While you were sleeping: Wall St recovers in volatile trading
By Margreet Dietz
Feb. 7 (BusinessDesk) - Wall Street rebounded, as investors found value following Monday’s global stock market rout, amid bets that the outlook remains positive for corporate profits.
In 1.18pm trading in New York, the Dow Jones Industrial Average rose 0.4 percent, while the Nasdaq Composite Index gained 0.6 percent. In 1.03pm trading, the Standard & Poor’s 500 Index fell 0.2 percent.
The Dow traded at 24,433.34 in early afternoon, recovering after sliding as low as 23,778.74 earlier in the day.
“Put your seatbelts on. It’s going to be a volatile ride for the next several trading sessions,” Chad Morganlander, portfolio manager at Washington Crossing Advisors in Florham Park, New Jersey, told Reuters. “Fundamentals are moving forward in a positive way, which gives us confidence that in the long run you’ll continue to see higher highs within the markets.”
On Monday the Dow sank more than 1,100 points, its biggest drop in more than six years, which Federal Reserve Bank of St. Louis President James Bullard on Tuesday called “the most predicted selloff of all time.”
“This is the most predicted selloff of all time because the markets have been up so much and they have had so many days in a row without meaningful down days,’’ Bullard told reporters after a speech Tuesday in Lexington, Kentucky, Bloomberg reported. “So it is probably not surprising that something that has gone up 40 percent like the S&P tech sector would at some point have a selloff. Before there was a selloff, people said repeatedly some day this will sell off.”
Wall Street’s fear gauge—the CBOE Volatility Index or the VIX—dropped 8 percent to 34.33 after hitting a high of 50.30 earlier in the session and touching a low of 22.42.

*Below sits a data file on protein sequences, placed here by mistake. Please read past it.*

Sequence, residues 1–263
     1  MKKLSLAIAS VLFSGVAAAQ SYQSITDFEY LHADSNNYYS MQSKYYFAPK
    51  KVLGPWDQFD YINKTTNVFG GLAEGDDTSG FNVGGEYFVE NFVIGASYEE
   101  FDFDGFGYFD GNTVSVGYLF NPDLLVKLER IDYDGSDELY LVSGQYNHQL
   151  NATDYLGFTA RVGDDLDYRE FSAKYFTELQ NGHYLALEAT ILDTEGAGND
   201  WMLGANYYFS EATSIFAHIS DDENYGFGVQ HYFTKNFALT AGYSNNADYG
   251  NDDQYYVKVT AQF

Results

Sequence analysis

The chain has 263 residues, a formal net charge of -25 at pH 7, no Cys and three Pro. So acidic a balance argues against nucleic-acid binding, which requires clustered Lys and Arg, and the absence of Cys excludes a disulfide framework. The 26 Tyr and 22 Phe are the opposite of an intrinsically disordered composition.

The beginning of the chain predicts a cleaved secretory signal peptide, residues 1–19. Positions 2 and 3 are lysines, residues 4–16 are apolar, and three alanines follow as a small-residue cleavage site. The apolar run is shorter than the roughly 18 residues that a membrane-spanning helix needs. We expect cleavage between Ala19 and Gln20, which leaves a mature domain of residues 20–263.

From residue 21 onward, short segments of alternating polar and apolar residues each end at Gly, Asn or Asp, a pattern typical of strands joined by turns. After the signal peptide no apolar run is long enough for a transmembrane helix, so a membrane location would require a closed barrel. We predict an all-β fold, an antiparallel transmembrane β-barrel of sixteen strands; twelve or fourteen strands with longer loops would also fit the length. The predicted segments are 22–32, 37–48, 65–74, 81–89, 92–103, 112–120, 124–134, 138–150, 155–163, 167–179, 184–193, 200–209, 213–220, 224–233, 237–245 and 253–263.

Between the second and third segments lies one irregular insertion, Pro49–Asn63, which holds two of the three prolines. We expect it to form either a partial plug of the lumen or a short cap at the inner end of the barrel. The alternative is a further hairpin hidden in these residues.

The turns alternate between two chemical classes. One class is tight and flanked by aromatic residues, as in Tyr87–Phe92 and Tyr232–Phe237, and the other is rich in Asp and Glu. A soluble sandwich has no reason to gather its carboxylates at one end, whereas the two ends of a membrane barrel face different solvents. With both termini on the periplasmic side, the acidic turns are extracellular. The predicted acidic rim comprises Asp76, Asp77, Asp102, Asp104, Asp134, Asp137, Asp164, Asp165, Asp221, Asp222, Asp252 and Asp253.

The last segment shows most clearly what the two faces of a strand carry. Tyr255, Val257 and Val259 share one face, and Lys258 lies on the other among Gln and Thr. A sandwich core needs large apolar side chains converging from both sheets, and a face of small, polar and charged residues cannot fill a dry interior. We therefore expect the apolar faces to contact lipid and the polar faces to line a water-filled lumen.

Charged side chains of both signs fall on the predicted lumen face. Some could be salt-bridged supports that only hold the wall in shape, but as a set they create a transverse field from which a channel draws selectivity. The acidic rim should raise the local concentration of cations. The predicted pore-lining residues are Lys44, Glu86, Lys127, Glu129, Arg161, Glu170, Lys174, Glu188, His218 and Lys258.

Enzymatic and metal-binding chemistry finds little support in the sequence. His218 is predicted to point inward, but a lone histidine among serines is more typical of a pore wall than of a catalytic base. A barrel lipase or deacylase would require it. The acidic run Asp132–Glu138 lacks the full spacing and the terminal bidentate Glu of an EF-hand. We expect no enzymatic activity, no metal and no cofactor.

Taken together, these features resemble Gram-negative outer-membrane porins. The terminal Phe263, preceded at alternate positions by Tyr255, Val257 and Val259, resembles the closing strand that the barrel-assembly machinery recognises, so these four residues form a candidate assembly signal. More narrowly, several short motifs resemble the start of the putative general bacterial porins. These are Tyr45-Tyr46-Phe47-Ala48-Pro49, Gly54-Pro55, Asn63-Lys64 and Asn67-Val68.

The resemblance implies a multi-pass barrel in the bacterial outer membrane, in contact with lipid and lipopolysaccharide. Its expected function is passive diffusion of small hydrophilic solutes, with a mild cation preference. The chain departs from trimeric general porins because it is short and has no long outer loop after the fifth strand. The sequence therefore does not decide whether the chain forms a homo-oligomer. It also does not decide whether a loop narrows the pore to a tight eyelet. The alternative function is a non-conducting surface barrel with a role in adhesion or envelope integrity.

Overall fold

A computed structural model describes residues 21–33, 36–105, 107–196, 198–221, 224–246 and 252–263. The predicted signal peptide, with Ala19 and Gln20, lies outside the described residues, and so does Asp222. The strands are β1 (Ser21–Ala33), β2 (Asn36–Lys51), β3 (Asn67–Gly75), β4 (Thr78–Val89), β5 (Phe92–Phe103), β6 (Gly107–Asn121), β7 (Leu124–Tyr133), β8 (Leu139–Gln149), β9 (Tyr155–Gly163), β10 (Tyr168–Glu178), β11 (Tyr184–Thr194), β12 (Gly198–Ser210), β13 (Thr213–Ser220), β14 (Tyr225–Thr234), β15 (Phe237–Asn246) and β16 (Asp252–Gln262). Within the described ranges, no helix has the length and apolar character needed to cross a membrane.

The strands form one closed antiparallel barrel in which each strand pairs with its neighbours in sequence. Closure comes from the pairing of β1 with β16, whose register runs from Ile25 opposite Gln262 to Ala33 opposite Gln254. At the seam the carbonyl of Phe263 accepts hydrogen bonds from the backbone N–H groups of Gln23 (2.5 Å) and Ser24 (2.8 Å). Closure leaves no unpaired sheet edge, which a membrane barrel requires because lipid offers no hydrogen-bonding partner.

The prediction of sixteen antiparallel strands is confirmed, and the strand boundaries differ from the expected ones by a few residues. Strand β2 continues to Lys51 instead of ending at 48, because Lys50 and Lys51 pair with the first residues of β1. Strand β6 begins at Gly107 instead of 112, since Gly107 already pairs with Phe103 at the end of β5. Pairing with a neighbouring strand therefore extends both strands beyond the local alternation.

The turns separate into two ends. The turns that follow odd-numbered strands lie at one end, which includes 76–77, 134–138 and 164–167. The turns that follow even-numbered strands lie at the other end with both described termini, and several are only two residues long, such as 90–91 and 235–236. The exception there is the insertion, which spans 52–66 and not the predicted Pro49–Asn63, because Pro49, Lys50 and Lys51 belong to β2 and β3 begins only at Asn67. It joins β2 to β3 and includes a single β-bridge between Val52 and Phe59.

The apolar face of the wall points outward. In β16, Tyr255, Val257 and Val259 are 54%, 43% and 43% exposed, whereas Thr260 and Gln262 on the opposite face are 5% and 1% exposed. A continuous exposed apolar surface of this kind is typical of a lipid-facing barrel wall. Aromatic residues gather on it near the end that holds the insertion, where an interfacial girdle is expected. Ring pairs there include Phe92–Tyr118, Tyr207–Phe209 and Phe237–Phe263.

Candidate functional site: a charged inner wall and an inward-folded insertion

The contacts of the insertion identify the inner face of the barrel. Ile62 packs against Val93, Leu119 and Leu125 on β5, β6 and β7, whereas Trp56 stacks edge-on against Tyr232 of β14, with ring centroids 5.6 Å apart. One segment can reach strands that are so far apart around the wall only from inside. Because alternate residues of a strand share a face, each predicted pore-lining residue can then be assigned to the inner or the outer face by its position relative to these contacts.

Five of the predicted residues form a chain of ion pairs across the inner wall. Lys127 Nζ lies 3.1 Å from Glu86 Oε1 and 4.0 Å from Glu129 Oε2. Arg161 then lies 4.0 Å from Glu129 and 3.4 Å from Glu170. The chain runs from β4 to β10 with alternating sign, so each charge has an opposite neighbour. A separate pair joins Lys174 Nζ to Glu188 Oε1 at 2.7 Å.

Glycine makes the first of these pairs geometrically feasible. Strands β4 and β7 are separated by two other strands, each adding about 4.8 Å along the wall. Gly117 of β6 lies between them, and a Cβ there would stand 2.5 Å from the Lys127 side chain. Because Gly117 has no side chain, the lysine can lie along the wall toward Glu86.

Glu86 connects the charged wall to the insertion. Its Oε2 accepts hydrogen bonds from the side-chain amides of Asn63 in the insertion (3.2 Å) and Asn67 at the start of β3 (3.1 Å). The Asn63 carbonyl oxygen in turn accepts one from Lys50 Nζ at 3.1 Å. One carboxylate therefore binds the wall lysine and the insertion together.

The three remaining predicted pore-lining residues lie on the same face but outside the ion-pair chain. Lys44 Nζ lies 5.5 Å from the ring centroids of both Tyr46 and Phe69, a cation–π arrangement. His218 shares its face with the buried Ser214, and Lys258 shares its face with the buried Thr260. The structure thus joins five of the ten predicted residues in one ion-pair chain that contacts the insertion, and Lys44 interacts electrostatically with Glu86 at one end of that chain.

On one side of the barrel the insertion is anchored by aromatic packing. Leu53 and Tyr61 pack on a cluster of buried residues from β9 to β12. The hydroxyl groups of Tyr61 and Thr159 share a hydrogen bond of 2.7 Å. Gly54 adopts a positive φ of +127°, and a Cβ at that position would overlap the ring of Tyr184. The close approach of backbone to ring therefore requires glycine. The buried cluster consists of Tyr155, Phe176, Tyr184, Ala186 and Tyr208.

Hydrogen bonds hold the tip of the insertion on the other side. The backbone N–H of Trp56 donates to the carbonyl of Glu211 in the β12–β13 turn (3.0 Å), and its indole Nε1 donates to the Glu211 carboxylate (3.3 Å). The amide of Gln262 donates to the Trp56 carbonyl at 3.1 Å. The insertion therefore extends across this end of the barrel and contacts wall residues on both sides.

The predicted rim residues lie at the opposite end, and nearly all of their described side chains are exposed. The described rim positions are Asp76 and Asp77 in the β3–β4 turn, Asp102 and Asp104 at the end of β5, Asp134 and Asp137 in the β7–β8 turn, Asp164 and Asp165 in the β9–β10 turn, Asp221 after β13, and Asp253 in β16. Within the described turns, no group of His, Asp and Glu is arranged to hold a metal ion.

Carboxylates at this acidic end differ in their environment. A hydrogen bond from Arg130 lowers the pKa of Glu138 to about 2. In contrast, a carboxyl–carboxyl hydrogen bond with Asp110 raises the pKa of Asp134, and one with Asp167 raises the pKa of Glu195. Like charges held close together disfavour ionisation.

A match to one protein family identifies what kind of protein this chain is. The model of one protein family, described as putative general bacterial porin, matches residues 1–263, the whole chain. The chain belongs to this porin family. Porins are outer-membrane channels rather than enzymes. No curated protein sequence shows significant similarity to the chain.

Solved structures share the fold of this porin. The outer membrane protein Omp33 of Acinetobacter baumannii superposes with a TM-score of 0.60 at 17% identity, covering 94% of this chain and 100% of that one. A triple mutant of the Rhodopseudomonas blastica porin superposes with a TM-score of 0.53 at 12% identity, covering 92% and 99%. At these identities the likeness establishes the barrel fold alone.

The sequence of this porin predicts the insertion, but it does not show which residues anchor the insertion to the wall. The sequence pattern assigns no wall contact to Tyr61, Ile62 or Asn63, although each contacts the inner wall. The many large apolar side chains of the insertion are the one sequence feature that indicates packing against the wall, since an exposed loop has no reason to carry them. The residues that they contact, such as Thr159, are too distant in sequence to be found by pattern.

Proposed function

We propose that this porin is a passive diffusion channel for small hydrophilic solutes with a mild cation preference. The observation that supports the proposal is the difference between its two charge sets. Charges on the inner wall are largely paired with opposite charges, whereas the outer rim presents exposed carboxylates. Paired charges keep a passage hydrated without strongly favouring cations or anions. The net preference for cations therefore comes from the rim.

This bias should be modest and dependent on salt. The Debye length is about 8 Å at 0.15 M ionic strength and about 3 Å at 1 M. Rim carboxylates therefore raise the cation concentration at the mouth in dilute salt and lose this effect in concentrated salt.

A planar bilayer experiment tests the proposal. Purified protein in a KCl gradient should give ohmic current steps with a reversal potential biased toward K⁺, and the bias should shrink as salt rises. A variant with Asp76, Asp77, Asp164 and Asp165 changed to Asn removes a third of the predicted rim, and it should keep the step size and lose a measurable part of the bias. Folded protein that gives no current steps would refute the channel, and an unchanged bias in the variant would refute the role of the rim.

Shares of Cboe Global Markets, which owns the intellectual property rights for the VIX, traded 10.4 percent lower at US$116.92 as of 1.31pm in New York. Earlier in the day the stock slumped as low as US$108.
Credit Suisse Group said it’s liquidating a note that uses VIX derivatives which can only be bought and sold on the Chicago-based exchange and have helped fuel its growth, Bloomberg reported.
The Dow gained as advances in shares of DowDuPont and those of Home Depot, recently up 3.2 percent and 2.4 percent respectively, outweighed declines in shares of Exxon Mobil and those of Travelers Cos, each recently down 2.6 percent.
“You continue to have investors re-rating stocks based on higher inflation and higher interest rate expectations,” Michael Arone, chief investment strategist at State Street Global Advisors in Boston, told Reuters.
US Treasuries dropped, sending yields on the 10-year note up 6 basis points to 2.77 percent.
Some pointed to the fact that volatility was contained to equities as a sign of optimism.
“The fact that you’re not seeing the volatility in the currency market, in the bond market, etc, is very reassuring,” Tony Roth, chief investment officer at Wilmington Trust Investment Advisors, told Bloomberg. “Since the credit crisis, the equity market is much more volatile. That’s where we seem to be seeing a lot of these institutional hedge-fund, program-trader type of investors playing.”
In Europe, the Stoxx 600 Index ended the session with a 2.4 percent slide from the previous close. Germany’s DAX Index dropped 2.3 percent, France’s CAC40 Index shed 2.4 percent, while the UK’s FTSE 100 index fell 2.6 percent.